by Tracy Johnson
Broadcasters seem to have an innate fear of silence. We dread “dead air” and rush to fill each millisecond with something – anything. But doing so eliminates one of the most powerful tools of effective communication: silence
The Power of the Pause is evident in great performances. A brief moment of silence creates anticipation, adding to the suspense, and signally something important is about to happen.
Entertainers Penn and Teller refer to it as The Silence Gap. They understand how to use silence as a communication weapon that applies to the stage, screen, interviews, and radio shows.
Former Dodgers play-by-play announcer Vin Scully is the greatest baseball broadcaster of all time. Vin earned that recognition by adding to the listener/viewer experience by pouring his personality into the event he was describing.
Scully described Hank Aaron’s 715th home run, the blast that made him baseball’s home run king. Here’s how it sounded:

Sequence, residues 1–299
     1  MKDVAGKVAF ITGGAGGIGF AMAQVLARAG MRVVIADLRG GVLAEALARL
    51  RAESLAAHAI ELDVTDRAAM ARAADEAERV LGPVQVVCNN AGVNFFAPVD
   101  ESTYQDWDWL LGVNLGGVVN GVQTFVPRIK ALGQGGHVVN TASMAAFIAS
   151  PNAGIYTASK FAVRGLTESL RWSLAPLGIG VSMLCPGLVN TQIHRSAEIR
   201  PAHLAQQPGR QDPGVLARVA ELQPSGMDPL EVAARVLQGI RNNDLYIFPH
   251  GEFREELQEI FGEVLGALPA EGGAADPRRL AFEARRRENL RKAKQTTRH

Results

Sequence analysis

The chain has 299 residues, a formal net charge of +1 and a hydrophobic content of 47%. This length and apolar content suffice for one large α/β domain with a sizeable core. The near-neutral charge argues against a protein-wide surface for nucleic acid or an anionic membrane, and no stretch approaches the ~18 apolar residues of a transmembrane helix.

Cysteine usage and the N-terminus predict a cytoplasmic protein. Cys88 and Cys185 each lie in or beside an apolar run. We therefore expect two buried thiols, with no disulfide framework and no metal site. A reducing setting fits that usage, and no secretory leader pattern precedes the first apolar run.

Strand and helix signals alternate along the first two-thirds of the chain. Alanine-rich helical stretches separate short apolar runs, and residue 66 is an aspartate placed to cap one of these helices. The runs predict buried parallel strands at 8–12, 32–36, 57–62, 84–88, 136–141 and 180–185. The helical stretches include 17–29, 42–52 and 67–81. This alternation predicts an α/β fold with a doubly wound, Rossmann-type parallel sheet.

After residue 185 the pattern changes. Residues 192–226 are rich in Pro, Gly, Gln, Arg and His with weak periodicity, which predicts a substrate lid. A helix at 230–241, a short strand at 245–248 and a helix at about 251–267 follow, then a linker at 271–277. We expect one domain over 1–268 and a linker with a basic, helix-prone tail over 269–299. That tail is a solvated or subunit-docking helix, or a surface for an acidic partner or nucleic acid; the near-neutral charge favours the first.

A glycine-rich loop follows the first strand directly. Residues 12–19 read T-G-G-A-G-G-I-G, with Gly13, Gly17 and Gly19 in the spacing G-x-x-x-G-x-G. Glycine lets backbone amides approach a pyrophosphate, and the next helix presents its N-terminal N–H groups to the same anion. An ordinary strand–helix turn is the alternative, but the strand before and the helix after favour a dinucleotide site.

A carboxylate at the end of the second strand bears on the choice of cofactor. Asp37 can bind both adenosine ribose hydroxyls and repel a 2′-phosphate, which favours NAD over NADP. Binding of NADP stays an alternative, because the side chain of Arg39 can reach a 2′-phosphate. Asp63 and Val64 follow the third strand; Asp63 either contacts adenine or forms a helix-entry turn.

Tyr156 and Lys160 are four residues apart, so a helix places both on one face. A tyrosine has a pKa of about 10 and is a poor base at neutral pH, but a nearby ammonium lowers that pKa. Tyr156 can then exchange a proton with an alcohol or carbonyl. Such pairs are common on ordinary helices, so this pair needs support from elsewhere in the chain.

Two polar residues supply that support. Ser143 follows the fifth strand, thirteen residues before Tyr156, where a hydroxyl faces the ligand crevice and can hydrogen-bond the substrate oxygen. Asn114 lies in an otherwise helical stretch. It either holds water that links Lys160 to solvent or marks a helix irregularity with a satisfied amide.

In an interview with another broadcast legend, Ross Porter, Scully talked about using silence to capture the magnitude of that moment.
Note: the whole interview is great. Listen if you have time. But if not, advance to the 17:22 mark to hear Scully talk about using silence to create impact in one of the most memorable moments in broadcast history:
Whether on a team show or a solo show, learn to embrace the Power of the Pause. This should be a deliberate, conscious focal point.
Sure, it’ll take some coordination and trust between cast members. Use hand signals to let cohosts know the pause is for effect and to not rush in. Some solo personalities even edit pauses into recorded segments or phone calls to add suspense.
The point is, silence is a tremendous tool to place greater emphasis on what is about to be said. Experiment with it to enhance storytelling skills until it becomes natural. Then keep working on it to master this technique.
Thanks to Benztown President/CEO Dave “Chachi” Denes for sending me the interview with Scully.
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